On appeal, Mr. Rickett lodges four primary objections. First, Mr. Rickett claims that it was error to rely upon Mr. Rickett's medical records, rather than his testimony. Second, Mr. Rickett argues that it was error to discount Dr. Bellanti's expert testimony and reports regarding challenge-rechallenge to the extent they were based on Mr. Rickett's testimony. Third, Mr. Rickett contends that the Special Master arbitrarily and capriciously rejected a medical theory that he had accepted in another vaccine case arising from a similar factual predicate. Finally, Mr. Rickett asserts that he demonstrated causation-in-fact.
As to the first issue, it was not error for the Special Master to rely upon Mr. Rickett's medical records rather than his testimony where the two were inconsistent. Although Althen does not require a petitioner to proffer both expert testimony and medical records to demonstrate causation, where, as here, a petitioner offers both forms of evidence and they are inconsistent, a special master may give greater weight to the medical records. As this court explained in Cucuras v. Sec'y of Health & Human Servs.:
993 F.2d 1525, 1528 (Fed. Cir. 1993).
For similar reasons, it was not error for the Special Master to assign less weight to Dr. Bellanti's conclusion regarding challenge-rechallenge to the extent it hinged upon Mr. Rickett's testimony that was inconsistent with the medical records. Dr. Bellanti initially relied upon Mr. Rickett's assertion that his diarrhea began almost immediately after his first vaccination to opine that the diarrhea may have been the challenge event but later stated that the diarrhea being a challenge event was "more speculative than real." A1004. Furthermore, a medical record indicates that Mr. Rickett reported developing diarrhea during the summer, not the spring, of 1998. Dr. Bellanti also relied upon Mr. Rickett's assertion that he developed right arm and shoulder pain shortly after his April 8, 1998 vaccination to suggest that Mr. Rickett's right side pain could have been a challenge event. According to a medical record dated April 24, 1998, however, Mr. Rickett reported developing right side pain two to three weeks earlier—several days of which predate his second vaccination. When asked whether the right side pain could be a challenge event if it began before the second vaccination, Dr. Bellanti offered no explanation; instead, he claimed that the left side pain that Mr. Rickett reported developing on April 23, 1998, was the challenge event. In his supplemental expert report, Dr. Bellanti stated that if the right side pain began prior to the second injection, he could not offer a causal opinion.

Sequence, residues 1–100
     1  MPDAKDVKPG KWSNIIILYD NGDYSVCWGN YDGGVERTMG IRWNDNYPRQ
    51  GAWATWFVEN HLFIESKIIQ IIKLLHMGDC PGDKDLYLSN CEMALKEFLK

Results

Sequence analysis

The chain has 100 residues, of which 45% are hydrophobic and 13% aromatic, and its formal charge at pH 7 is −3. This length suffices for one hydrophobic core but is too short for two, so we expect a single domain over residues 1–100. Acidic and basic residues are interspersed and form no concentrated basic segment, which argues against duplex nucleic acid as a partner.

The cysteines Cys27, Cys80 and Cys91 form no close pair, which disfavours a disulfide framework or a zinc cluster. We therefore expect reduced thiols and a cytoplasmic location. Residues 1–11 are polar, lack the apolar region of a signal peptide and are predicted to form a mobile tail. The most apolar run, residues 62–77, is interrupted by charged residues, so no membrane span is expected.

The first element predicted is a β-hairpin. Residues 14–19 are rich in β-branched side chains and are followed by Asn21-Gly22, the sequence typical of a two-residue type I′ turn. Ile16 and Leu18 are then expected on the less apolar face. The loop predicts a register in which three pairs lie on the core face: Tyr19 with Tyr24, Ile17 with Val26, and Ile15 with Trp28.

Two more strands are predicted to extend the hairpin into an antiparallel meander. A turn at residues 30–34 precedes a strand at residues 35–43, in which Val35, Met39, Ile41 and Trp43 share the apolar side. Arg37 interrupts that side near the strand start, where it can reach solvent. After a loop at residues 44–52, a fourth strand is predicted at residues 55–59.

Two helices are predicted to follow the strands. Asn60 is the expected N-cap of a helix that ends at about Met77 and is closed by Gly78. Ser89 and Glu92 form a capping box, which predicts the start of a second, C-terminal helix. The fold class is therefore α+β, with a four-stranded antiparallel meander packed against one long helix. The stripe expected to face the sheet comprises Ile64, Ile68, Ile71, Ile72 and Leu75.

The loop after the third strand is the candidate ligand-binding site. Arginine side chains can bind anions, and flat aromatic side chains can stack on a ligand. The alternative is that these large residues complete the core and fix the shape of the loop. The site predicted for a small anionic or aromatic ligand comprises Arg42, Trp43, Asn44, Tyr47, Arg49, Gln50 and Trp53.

As to the third issue, the Special Master was not bound by his decision in Lee. It is well-settled that "[s]pecial masters are neither bound by their own decisions nor by cases from the Court of Federal Claims, except, of course, in the same case on remand." Hanlon v. Sec'y of Health & Human Servs., 40 Fed. Cl. 625, 630 (1998), aff'd, 191 F.3d 1344 (Fed. Cir. 1999).
Moreover, the Special Master did not err because Lee is distinguishable. In Lee, the central issue was whether the Hepatitis B vaccine could cause headaches that might have triggered Lee's FM. Lee proffered medical literature and treating physician testimony in support of her claim. Here, Mr. Rickett claimed that the Hepatitis B vaccine caused his FM, and he offered no treating physician testimony to demonstrate causation. The medical records indicate that at least two physicians doubted a causal connection.
A special master evaluates the utility of evidence differently in "light of all facts relevant in a specific claim." Sharpnack, 27 Fed. Cl. 457, 1993 U.S. Claims LEXIS at *13-14. A special master's acceptance of a theory in one case does not require him or her to accept the theory in subsequent cases involving similar facts or the same vaccine. Rather, a different evidentiary record can lead to different outcomes. Compare Andreu v. Sec'y of Health & Human Servs., 569 F.3d 1367, 1370 (Fed. Cir. 2009) with Moberly v. Sec'y of Health & Human Servs., 592 F.3d 1315, 1325-26 (Fed. Cir. 2010). To decide otherwise would effectively require special masters to ignore the impact of ever-changing technological advances and medical breakthroughs that might discredit the plausibility of a formerly accepted theory.
As to the final issue, Mr. Rickett challenges the conclusion that he failed to meet his burden of proof as to Althen Prong Three, which requires a showing that the onset of the symptoms of the injury occurred within a medically appropriate period of time after receipt of the vaccine. To the extent this challenge implicates factual findings, our review is limited. See Lampe v. Sec'y of Health & Human Servs., 219 F.3d 1357, 1360 (Fed. Cir. 2000). We see no reason to disturb the Special Master's findings of fact that Dr. Bellanti's expert reports and testimony did not clearly elucidate the appropriate temporal relationship that one would expect to see as part of the challenge-rechallenge model.
For the foregoing reasons, we affirm.